Eileen Caiger Gray reviews The Wizard of Oz at Crucible, Sheffield (Dec 14th 2017)
Why is it that, even in 2017, people still clamour to go Somewhere Over the Rainbow and into the land of Oz? Its 117 years now since L. Frank Baum’s classic tale first appeared and 78 years since Judy Garland skipped along the Yellow Brick Road. Why is Oz still so cherished? Because, because, because, because, because! Because of the charming characters, the unforgettable songs, and a story full of fun, fantasy, fright and intrigue.
Directed by Robert Hastie and designed by Janet Bird, this bright, bouncy production sticks closely to the film’s formula, embracing its warmth, charm, humour and 1930’s vibe, while delivering, too, some thrilling encounters of the third kind. A stunner of a spectacle has eyes pop and hearts stop as Dorothy leaves Kansas to enter Oz, when a choreographed tornado whisks away the simple life of picket-fences, wooden houses, dull metal tools and hillbilly farmers and a space-age geometry of shapes and lights takes over. As the entire Kansas stage is lifted away, we enter a bright new world of colourful fantasy, in which Dorothy will acquire a pair of updated ruby slippers whose sparkle would lend grace to any premier footballer’s feet.
Dialect coach, Michaela Kennen, ensures an ‘all American’ cast, while, also as in the film, the story starts and ends with the characters and events in Dorothy’s real life, thus retaining the crucial context framework that gives full shape, meaning, and moral message to her dream-world adventures in Oz. To play the lovely Dorothy, Gabrielle Brooks turned down a West End reprise of her role in Everybody’s Talking About Jaimie. The audience is delighted she did. Her Dorothy, all innocent earnestness and genuine joie de vivre, has a fine singing voice, too – not to mention a dog called Toto. In Kansas, a real, live, hairy, ‘ah factor’ dog plays Toto; in Oz, though, Toto is a fantastical, bright yellow, proactive puppet with ‘ah factor’ charm all of his own, courtesy of pup-puppeteer Charlotte-Kate Warren.
It’s the three farm-hands, of course, who become the main characters in Oz. Played beautifully by Andrew Langtree, soft, soppy, floppy, brain-free Scarecrow earns great affection and is bang on, even today, when he says, ‘some people without brains do an awful lot of talking!’ Jonathan Broadbent is the nervy, long-tailed Lion who’d have Lion-King aspirations if only he dared, while for spot-on, creaky robot movements, fine singing and well-oiled dancing, Max Parker earns special applause as the Tinman. Aunt Em transforms in this production, too, to become golden Good Witch, Glinda, vibrancy given to both characters by Sophia Nomvete’s strong, full-hearted presence and mighty singing. Not surprisingly, the vindictive, bitter, cycle-riding, dog-detesting Miss Gulch, turns into the green-faced Wicked Witch of the West, Catrin Aaron embodying not so much pure evil as pure scorn and sardonic wit. Professor Marvel (Ryan Ellsworth) is the Wizard himself, a charlatan, but not altogether without wisdom.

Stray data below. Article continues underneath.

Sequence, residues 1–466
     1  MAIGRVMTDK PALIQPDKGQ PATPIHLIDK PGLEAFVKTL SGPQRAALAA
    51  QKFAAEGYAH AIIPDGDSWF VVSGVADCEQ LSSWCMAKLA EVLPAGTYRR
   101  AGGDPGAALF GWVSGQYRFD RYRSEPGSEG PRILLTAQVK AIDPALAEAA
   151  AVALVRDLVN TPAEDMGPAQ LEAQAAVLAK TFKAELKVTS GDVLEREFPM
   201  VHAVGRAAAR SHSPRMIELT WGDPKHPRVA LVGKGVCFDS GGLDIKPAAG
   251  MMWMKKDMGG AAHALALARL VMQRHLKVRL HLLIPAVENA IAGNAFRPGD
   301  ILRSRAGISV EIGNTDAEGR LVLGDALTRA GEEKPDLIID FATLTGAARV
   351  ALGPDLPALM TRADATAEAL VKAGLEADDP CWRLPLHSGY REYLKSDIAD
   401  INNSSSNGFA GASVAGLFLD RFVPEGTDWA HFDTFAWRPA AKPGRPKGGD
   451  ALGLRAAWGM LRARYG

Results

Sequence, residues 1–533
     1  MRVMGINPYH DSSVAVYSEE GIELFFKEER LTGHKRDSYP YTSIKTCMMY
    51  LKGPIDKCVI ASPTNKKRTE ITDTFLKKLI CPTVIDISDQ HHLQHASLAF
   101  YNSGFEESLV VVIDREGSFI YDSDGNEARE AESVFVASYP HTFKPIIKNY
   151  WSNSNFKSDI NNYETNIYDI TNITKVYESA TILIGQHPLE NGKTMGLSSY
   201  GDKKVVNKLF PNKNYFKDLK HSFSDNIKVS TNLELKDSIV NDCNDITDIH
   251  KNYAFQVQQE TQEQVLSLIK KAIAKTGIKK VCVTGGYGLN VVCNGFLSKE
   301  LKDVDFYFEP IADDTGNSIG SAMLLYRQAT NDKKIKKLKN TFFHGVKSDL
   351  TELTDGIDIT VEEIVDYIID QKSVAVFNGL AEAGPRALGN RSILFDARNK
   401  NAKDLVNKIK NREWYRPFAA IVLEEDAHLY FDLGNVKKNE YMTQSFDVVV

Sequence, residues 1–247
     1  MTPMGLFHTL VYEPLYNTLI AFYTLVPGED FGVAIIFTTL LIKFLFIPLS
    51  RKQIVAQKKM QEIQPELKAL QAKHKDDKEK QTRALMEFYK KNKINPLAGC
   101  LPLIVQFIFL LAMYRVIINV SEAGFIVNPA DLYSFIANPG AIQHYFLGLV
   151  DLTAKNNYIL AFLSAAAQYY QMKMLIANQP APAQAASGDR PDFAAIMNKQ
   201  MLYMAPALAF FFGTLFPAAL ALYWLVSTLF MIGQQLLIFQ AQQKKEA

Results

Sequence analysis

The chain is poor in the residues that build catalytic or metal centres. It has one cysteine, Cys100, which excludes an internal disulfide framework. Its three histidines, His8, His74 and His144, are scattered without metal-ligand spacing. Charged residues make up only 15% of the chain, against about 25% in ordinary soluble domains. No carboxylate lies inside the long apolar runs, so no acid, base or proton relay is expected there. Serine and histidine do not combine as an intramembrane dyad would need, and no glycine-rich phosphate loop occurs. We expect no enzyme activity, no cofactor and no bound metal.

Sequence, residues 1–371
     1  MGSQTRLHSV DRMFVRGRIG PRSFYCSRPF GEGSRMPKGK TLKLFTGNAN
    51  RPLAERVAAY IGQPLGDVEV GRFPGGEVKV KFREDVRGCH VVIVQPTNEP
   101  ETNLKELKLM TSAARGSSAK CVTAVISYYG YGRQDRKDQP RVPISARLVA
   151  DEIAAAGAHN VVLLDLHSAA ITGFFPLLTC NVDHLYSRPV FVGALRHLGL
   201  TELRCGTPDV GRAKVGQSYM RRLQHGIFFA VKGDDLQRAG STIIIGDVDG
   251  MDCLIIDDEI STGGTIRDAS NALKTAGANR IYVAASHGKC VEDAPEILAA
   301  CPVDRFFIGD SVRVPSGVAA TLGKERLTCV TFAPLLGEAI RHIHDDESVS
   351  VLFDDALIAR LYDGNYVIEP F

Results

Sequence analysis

Ensuring the music never stops, an orchestra of many parts plays way up high, somewhere beyond the original washing-line of tie-dyed clouds, while the entire ensemble is equally busy throughout with close harmony singing, dancing, acrobatics, prop-toting and acting. Visual splendours are many, from multi-coloured Munchkins, clad in all things bright and beautiful, to winged monkeys on roller skates, fiery-eyed Cyclops-Winkies, a flashing, under-lit yellow brick road, and witches and wizards who ascend up, up and away. And the startling mechanical incarnation of the Mighty Oz, with its shining emerald eyes, is a wonder to behold.
The show has an extended run at The Crucible until January 20th